Every school district and charter in the state will be required to create a policy this year restricting cellphones in the classroom and instructing principals on how to enforce it, according to a rule passed Friday by the Utah Board of Education.

The move likely short-circuits a bill being pushed in the state Legislature by Rep. Susan Pulsipher, R-South Jordan, who drafted a similar proposal because she’s concerned that students are using their phones to look at pornography while in school.

“Many kids are being exposed to inappropriate materials,” Pulsipher said at a legislative hearing this week. “Sometimes this is happening in fourth grade, fifth grade.”

The lawmaker noted Friday that she plans to table her measure, which was discussed in committee but not moved to the floor, after the board’s vote.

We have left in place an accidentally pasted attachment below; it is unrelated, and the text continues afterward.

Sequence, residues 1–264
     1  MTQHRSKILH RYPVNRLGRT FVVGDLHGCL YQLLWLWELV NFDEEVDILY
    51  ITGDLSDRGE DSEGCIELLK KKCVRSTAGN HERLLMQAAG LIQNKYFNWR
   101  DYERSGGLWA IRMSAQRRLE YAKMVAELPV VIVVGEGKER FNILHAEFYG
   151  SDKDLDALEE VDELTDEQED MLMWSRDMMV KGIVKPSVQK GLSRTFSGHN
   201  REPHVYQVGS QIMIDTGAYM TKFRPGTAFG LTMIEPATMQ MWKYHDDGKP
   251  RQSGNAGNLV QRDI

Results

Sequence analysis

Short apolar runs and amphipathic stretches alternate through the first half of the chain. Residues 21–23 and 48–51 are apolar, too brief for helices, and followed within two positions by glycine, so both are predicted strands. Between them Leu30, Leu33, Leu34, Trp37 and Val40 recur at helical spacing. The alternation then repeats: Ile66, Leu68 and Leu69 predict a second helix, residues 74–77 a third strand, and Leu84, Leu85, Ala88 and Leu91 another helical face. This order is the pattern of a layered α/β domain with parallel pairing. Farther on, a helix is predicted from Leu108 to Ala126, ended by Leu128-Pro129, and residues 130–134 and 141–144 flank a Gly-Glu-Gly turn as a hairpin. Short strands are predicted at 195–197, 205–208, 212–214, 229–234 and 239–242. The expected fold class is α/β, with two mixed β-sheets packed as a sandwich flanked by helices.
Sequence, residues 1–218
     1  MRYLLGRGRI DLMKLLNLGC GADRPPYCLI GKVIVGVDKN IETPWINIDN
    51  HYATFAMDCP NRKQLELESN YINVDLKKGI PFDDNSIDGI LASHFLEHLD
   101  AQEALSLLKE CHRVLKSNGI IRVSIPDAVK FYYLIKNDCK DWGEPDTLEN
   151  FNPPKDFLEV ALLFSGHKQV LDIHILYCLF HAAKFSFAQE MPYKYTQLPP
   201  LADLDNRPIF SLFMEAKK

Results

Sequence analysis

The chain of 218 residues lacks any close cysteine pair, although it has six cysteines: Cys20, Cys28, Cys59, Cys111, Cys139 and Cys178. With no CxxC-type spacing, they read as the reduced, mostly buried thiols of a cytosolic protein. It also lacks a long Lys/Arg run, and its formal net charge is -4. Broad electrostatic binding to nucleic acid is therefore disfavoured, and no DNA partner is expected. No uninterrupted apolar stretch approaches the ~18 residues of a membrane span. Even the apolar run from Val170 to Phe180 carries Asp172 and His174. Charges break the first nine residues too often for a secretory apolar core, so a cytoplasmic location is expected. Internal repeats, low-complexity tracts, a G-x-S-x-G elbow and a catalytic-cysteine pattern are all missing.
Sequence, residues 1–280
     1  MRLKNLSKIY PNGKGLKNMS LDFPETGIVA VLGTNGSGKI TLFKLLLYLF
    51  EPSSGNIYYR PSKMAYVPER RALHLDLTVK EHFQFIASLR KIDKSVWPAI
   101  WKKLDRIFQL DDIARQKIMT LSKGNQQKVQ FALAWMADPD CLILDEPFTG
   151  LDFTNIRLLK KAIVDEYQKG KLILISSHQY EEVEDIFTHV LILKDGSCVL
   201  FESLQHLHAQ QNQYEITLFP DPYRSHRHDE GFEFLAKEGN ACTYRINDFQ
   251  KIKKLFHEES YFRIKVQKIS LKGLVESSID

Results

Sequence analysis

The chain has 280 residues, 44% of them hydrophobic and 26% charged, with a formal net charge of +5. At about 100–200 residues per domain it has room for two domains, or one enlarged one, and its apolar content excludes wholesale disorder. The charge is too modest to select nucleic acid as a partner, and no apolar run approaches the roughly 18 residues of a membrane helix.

“For me, it’s not as much about passing a bill as solving a problem,” she said.

The board voted unanimously to pass the rule, adding an annual training requirement for teachers, students and parents that was in Pulsipher’s proposal. The members, though, focused more on phones being a distraction or students using them to cheat on tests.

Many schools already have policies, but enforcement appears to be inconsistent. Under the new rule, each district will have to draft its own restrictions, such as only allowing cellphones during lunchtime or requiring that all devices be turned off while on campus or permitting phones in certain classrooms.

Each will also have to sign an assurance that they are actually administering it.

Board member Scott Neilson, who’s a high school teacher, said when educators put classrooms policies in place now, they’re practically unenforceable because the districts don’t have anything to back them up.

“There’s very little teeth in these policies,” he said. “School should be for school and not five hours of social media.”